Black-Tom

President Wilson’s attempt to keep America neutral was difficult for a number of reasons: first, American businesses were making money off  the war.   Second, there was a large percentage of foreign born persons living in the United States.  The 1910 Census showed 1.21 million were British and almost double that were German.  The latter population was targeted by the German Ambassador to the United States, Count Johann Heinrich Andreas Hermann von Bernstorff, who was given the assignment of organizing a spy and sabotage network to keep Americans from helping the Allies with their war effort.   The German military and naval attaches did the hands-on work to see to it the Imperial Government’s plans were carried out. (1)

In 1915, the German network was at work on the New York waterfront, using crew members from ships that had been quarantined for the length  of the war to do their dirty work.  Bombs went off on either vessels that were docked or ships that had left New York and were at sea.  American authorities suspected German sabotage but could prove nothing.   At that point the federal government had no agency like the FBI or the ATF to investigate and make arrests in cases like they do today.   Instead, the Justice Department turned to the New York City Police Department.  Howard Blum’s book Dark Invasion traces that story.

New York was not only the place where German agents were carrying out acts of sabotage.   One was caught trying to blow up a newly built dam on the Rio Grande River in New Mexico.   Later, another confessed to blowing up a black powder magazine on Mare Island, California.  In June 1915, a man of German descent, Erich Muenter, using an alias, set off a bomb inside the U. S. Capitol in Washington and then took a train to Long Island and shot financier J. P. Morgan.  He was arrested soon after but died in jail before he could tried.  (2)

Two of Germany’s top agents in New York were Franz von Papen and Franz von Rintelen.   Von Papen was posted to Washington as a military attache in the German embassy.  Papen’s colleague von Rintelen was a junior in the Admiralty staff who had worked in a New York bank before the war, and was sent there to oversee his nation’s efforts to undermine American attempts to finance and supply Great Britain and France’s war. German agents both in New York and Baltimore used real and shell companies as fronts.  For example, Norddeutsche Lloyd (NDL) was a real German corporation, while the Eastern Forwarding Company (EFCO) was not. Von Rintelen set up cells in east coast ports and New Orleans; the members of each one did not know about the cells in other cities.  Eventually the American declared both men personna non grata and expelled them from the country.  With help from Room 40 British cryptanalysts, Rintelen was taken off the ship he was traveling on by British authorities and made a prisoner of war before being extradited back to the United States to face charges stemming from his activities there.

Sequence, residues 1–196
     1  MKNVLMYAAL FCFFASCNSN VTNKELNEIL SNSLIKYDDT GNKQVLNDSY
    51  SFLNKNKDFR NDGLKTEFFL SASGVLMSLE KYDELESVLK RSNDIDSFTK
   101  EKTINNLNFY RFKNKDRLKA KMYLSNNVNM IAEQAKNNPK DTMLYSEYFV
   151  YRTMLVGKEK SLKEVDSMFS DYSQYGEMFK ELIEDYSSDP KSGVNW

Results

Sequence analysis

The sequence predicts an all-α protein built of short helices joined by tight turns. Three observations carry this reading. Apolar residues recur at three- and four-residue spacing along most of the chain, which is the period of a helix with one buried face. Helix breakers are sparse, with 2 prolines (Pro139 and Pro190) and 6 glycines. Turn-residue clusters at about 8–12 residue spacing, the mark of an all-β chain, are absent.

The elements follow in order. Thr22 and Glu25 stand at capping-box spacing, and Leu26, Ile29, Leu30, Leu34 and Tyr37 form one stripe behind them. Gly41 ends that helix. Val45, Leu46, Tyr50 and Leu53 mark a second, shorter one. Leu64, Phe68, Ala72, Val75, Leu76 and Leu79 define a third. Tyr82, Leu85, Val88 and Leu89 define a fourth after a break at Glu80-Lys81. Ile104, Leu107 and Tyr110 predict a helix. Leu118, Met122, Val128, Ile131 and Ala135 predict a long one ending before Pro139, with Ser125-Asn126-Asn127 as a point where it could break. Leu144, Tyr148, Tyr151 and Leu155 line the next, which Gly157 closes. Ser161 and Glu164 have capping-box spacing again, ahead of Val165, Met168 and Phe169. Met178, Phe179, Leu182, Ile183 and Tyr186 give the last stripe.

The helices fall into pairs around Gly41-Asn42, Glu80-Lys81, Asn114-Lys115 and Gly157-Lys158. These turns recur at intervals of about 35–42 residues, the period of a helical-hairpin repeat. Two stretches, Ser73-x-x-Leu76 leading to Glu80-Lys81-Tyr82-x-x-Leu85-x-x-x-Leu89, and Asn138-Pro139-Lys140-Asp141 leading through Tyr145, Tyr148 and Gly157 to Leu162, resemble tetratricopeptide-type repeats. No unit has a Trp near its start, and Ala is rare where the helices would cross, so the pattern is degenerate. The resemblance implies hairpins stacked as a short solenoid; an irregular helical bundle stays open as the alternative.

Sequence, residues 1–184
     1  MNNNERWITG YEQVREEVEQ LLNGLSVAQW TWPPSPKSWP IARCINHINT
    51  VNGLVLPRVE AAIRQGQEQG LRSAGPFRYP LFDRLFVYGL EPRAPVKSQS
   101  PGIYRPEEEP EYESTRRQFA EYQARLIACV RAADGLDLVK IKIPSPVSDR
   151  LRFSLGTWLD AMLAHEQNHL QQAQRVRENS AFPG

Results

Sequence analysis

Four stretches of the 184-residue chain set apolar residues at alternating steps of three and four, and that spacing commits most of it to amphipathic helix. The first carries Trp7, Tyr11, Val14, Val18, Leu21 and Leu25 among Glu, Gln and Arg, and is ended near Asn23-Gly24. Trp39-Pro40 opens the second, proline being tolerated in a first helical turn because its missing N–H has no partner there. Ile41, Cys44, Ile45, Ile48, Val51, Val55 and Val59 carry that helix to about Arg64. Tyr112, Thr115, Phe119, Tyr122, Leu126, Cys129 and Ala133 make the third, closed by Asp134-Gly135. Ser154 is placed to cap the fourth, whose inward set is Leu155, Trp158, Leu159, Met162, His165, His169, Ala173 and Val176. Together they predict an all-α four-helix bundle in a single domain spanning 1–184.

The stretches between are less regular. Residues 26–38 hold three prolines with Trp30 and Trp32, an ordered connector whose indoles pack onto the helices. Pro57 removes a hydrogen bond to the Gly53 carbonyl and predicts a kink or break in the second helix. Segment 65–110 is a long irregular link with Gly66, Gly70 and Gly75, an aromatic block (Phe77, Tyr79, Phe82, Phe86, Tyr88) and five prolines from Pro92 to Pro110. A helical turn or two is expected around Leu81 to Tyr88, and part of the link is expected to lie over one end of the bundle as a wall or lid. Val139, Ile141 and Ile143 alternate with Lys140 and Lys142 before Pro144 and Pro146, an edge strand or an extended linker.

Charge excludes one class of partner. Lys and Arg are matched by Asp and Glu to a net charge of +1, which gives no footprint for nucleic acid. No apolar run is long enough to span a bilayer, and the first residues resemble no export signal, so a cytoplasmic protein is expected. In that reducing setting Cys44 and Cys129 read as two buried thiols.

However, the biggest case of sabotage involved the Black Tom Munitions Depot in New Jersey.  The depot was owned by the Lehigh Valley Railroad, the entity responsible for shipping war materials destined for Great Britain, France, and Russia.  On the evening of July 16, 1916, a vast explosion ripped through the terminal, shattering windows in Manhattan, damaging the Statue of the Liberty, and waking sleeping people over a wide area.  Night watchmen on duty at the terminal sounded the alarm when they first spotted flames, but with over two million tons of explosives on site a disaster was waiting to happen.  The fact that the railroad had been violating federal regulations by keeping explosives on railroad cars and barges tied up to the pier masked the sabotage carried out by German agents. Not until a Congressional investigation in the 1930s was the truth uncovered. (3)

Further to the south, Baltimore was another port of interest to Germans, especially when the Imperial Navy constructed two commercial submarines, designed bypass the Royal Navy blockade of the German coast.  The crews of these ships were ostentatiously civilians but in reality, for the most part, belonged to the Imperial Navy.    The first of the two submarines, U-Deutschland, arrived in Baltimore harbor on July 10, 2016.     When the resumed unrestricted submarine warfare in February 1917, the U-Deutschland was converted to a warship.

(1)   British spies were active in the United States as well.  Christopher Andrew’s books on the MI5, the British Secret Service,  listed below, outlines their means for keeping track of the Germans.

(2) Muenter was a German professor at Harvard until he disappeared in 1906 after poisoning his wife.  When he surfaced nine years later, he had re-married and was called Frank Holt.  Before his adventure in Washington and Long Island, he volunteered to help the agents of the German IIIB network in New York.  Blum,  pp. 3-11,  279-333.

(3) Witcover.

For further reading:

Christopher Andrew,  Defend the Realm:  the Authorized History of MI5.    pp.  71-79

Christopher Andrew, For the President’s Eyes Only,  pp.  30-50

Christopher Andrew,  Her Majesty’s Secret Service,  pp. 86-127.

Howard Blum,  Dark Invasion: 1915, Germany’s Secret War and the Hunt for the First Terrorist Cell in America.

Robert Koenig, The Fourth Horseman: One Man’s Mission to Wage the Great War in America.

Jules Witcover,  Sabotage at Black Tom:  Imperial Germany’s Secret War in America.